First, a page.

Prosecutors, in their sentencing papers, cited one snarling exchange with a Daily Beast reporter.
"I will make sure that you and I meet one day while we're in the courthouse. And I will take you for every penny you still don't have. And I will come after your (employer) and everybody else that you possibly know," Cohen said.
On the side, Cohen invested in New York City's taxi industry and in real estate and made high-interest loans to people in the cab business.
He has pleaded guilty to failing to report $4 million in income to the IRS from those businesses.
During the presidential campaign, Cohen worked with executives at the company that owns the National Enquirer to pay the former Playboy model, Karen McDougal, and the adult film actress Stormy Daniels not to talk to reporters about alleged sexual encounters with Trump, who says the affairs never happened.
Cohen told prosecutors Trump directed him to make the payments.
After Trump's election, Cohen left the Trump Organization and tried to cash in on his connections.
Big companies hired him to offer "insight and access" to the administration. Those companies included AT&T, which paid Cohen $50,000 a month and the pharmaceutical giant Novartis, which paid Cohen $1.2 million.
Prosecutors haven't charged Cohen with doing anything criminal in connection with those deals, but they singled out the work as "hollow," saying he did minimal work.
After federal authorities raided his office earlier this year, Cohen's loyalty to Trump faded. He told ABC News that his family and country came first.
In a court filing last week, Cohen's lawyers said he had decided to "re-point his internal compass true north toward a productive, ethical and thoroughly law abiding life."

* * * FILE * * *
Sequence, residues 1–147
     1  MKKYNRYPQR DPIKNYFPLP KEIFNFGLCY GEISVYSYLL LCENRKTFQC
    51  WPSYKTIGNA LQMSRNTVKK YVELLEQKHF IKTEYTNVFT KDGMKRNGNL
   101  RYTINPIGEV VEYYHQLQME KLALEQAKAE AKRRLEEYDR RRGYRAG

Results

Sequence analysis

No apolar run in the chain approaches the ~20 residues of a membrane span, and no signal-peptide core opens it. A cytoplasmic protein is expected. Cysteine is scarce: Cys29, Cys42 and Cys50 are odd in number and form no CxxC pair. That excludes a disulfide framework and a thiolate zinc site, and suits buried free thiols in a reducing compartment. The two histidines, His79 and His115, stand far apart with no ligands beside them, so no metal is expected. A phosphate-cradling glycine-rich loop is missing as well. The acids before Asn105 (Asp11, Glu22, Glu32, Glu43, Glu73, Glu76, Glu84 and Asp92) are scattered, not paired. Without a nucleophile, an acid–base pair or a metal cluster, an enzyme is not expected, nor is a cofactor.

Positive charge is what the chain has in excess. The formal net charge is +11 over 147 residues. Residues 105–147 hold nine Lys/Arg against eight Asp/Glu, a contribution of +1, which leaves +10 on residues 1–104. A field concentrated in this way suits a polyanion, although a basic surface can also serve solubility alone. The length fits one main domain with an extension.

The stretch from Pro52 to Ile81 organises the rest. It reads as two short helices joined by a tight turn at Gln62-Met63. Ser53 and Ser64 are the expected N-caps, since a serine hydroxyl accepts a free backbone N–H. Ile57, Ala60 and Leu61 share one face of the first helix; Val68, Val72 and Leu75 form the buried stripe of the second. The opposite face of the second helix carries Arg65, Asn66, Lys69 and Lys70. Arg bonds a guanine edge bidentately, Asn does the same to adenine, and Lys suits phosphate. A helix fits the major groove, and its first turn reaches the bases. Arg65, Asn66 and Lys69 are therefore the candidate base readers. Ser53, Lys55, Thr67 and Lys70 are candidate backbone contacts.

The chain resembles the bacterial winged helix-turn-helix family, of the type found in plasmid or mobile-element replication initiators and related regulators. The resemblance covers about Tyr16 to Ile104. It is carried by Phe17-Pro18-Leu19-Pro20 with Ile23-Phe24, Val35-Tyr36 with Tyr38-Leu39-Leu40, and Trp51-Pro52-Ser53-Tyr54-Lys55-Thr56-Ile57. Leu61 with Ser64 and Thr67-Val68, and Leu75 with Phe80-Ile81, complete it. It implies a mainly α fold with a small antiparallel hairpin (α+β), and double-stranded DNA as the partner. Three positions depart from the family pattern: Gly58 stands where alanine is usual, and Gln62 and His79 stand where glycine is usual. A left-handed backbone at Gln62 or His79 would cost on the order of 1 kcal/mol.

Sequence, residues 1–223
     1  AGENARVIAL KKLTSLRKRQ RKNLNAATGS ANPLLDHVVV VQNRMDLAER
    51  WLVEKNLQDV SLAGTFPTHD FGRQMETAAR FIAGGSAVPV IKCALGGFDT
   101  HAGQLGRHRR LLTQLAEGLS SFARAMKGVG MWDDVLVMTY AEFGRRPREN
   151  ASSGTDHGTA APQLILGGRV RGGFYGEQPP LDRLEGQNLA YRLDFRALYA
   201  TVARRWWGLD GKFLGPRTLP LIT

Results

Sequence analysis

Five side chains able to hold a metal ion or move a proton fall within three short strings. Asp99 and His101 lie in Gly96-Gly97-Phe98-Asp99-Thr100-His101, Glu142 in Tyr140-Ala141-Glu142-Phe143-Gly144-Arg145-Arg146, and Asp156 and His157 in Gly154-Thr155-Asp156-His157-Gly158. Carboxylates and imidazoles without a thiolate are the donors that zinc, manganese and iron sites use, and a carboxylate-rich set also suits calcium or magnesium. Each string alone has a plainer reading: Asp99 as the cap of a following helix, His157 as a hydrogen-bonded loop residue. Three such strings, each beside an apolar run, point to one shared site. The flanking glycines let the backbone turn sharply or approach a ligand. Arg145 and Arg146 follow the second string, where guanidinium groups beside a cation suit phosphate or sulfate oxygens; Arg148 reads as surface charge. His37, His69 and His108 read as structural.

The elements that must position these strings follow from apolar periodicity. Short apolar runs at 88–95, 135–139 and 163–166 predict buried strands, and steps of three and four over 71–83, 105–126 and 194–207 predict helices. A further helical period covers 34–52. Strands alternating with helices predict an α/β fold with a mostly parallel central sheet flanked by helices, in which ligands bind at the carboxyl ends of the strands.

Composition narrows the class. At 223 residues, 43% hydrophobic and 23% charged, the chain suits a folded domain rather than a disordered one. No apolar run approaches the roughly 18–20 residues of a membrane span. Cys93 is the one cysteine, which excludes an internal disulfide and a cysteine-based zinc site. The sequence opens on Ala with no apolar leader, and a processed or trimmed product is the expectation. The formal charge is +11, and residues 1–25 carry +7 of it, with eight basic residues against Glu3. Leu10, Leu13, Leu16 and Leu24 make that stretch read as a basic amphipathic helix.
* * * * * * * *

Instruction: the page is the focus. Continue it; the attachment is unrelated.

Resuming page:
"He could have fought the government and continued to hold to the party line, positioning himself perhaps for a pardon or clemency, but, instead - for himself, his family, and his country - he took personal responsibility for his own wrongdoing and contributed, and is prepared to continue to contribute, to an investigation that he views as thoroughly legitimate and vital," they wrote.
In their filing Friday, prosecutors said Cohen acted out of self-interest.
"Any suggestion by Cohen that his meetings with law enforcement reflect a selfless and unprompted about-face are overstated," the wrote.
In a separate court filing, special counsel Robert Mueller's office had a more kind view of Cohen's cooperation, saying he had provided useful information about attempts by Russian intermediaries to influence Trump, as well as other matters.
New York prosecutors said that while Cohen was helpful, he had declined to sign a formal cooperation agreement, which would have required him to confess any other crimes he might have committed. Cohen, they wrote, wasn't willing to do so. They suggested only a slight reduction in his sentence for his cooperation.
David S. Weinstein, a former federal prosecutor, said Cohen appears to have overplayed his hand, leading prosecutors to attack the "bastion of humanity" portrait offered by the defense.
"It does create a sort of Jekyll-and-Hyde portrayal," Weinstein said.